Ontario’s new law dealing with limitation periods provides a good example of this five-step process at work. On April 25, 2001, the Government of Ontario introduced Bill 10, the Limitations Act 2001. Bill 10 replaced Bill 163, which had been introduced in December 2000 but which did not complete the legislative process, i.e. it died at first reading. Bill 10 was subsequently replaced by Bill 213, the Justice Statute Law Amendment Act, 2002, which among other things creates a new limitations act. The Justice Statute Law Amendment Act, 2002 received Royal Assent in December 2002 however, the Limitations Act, 2002 will not be proclaimed in force until January 2004.

The Common Law
While statutes are the major source of law in Canada, the common law is also an important source. Common law is essentially a group of legal rules and exceptions that have been developed by the courts over hundreds of years. As judicial decisions are rendered a body of case law is created for different areas which then act as a guide in future cases. As new fact situations arise, existing principles will be broadened or contracted and exceptions will be developed by the judges and courts of appeal who hear the cases.

In order to better illustrate how common law develops we will consider a topic already touched upon in this newsletter – termination of independent contractor relationships.

Independent contractors agreements have traditionally been interpreted according to the usual principles that apply to commercial contracts. In other words the contract is the law that governs the parties’ relationship and unless there is ambiguity or unfairness, the courts will generally respect and uphold the contract. And when the employer puts an end to the relationship with the independent contractor, the latter cannot normally sue for damages.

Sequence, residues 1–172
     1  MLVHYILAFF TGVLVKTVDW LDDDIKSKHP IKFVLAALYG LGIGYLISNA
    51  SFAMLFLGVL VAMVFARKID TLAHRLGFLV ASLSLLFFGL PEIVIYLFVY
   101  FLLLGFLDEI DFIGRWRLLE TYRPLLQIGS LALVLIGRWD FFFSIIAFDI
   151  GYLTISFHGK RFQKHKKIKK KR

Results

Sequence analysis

However, more recently some courts, including some appellate courts, have begun to characterize certain employer/independent contractor relationships as being more akin to an employer/employee relationship. They have created an “intermediate” independent contractor category to avoid the normal “all or nothing” result. They have begun to provide new rules and guidelines for determining the nature of the relationship as well as for determining damages to be awarded in such cases, thus contributing to the expansion of the common law in this area.

Making laws is not easy and it is sometimes difficult to keep track of what is happening in the world of law. We hope that Legal Issues helps you stay abreast of the current happenings. 1

1Two other important sources of law, which are not discussed in this article, are the Canadian Charter of Rights and Freedoms and the Constitution Act, 1867. These two documents can be thought of as “super statutes”. Like all statutes they were passed by Parliament, however, unlike other statutes they cannot be changed at all without the use of a complicated amending formula.